Yes....fat fingers, small on-screen keyboard, aggressive autocorrect, and poor proofreading is not a good combination. I have given copies of this book to half a dozen or so undergraduate research students as graduation presents over the past several years. Sorry for mangling your name Chris Cramers....your book is a nice, quite readable introduction to our broad field.Steve
Actually, Chris Cramer is the author of “Essentials..”.
Errol Lewars’ “Computational Chemistry” is another good intro to the mathematics of Hartree-Fock MO method and basis functions. It has exercises for the student, with answers in the back of the book.
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I think Chris Farmer's book "Essentials of Computational Chemistry" would be a good place to start. It have quite a bit on how various methods work and does not have a great deal of mathematical details.
Dear Dr. Lehtola,
Can You please suggest something good to read about the theory of CPHF and response functions? I have performed some literature search but it was quite hard to me to sum it up to get at least some understanding of "how it works": I have never attended any serious course on quantum mechanics or chemistry, and I didn't find much literature for laymen like me either. Most books I have read contain either the essential basics or deep discussion, being quite sparse in between.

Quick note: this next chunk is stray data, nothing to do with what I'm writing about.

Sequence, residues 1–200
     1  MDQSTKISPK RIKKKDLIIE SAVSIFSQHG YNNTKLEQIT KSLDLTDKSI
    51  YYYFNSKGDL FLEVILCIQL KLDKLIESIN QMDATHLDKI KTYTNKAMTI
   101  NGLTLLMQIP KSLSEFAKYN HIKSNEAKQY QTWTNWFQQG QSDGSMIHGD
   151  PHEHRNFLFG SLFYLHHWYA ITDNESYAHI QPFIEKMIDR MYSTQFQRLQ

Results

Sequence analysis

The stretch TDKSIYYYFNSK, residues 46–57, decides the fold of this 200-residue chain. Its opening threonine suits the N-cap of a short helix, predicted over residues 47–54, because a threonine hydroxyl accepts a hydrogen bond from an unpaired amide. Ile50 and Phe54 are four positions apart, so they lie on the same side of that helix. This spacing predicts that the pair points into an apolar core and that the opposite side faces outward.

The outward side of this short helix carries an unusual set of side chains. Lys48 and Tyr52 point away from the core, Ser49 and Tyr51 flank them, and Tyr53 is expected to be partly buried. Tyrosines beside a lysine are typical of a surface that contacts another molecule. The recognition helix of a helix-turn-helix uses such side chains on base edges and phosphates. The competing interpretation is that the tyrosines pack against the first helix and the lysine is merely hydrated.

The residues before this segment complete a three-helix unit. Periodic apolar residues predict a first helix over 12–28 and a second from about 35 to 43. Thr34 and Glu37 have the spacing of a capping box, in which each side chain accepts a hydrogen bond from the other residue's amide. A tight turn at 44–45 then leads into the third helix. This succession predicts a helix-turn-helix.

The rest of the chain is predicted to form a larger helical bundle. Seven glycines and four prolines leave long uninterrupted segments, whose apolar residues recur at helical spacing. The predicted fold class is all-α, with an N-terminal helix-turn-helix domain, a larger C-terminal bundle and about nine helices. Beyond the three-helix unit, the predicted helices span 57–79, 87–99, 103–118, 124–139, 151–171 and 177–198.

With deep gratitude,
On 26/04/18 20:54, Susi Lehtola susi.lehtola- -alumni.helsinki.fi wrote:
By default, Gaussian uses CPHF for polarizabilities (quite different from the response formalism, as far as I can judge – /can anyone comment on that?/)
CPHF *is* linear response.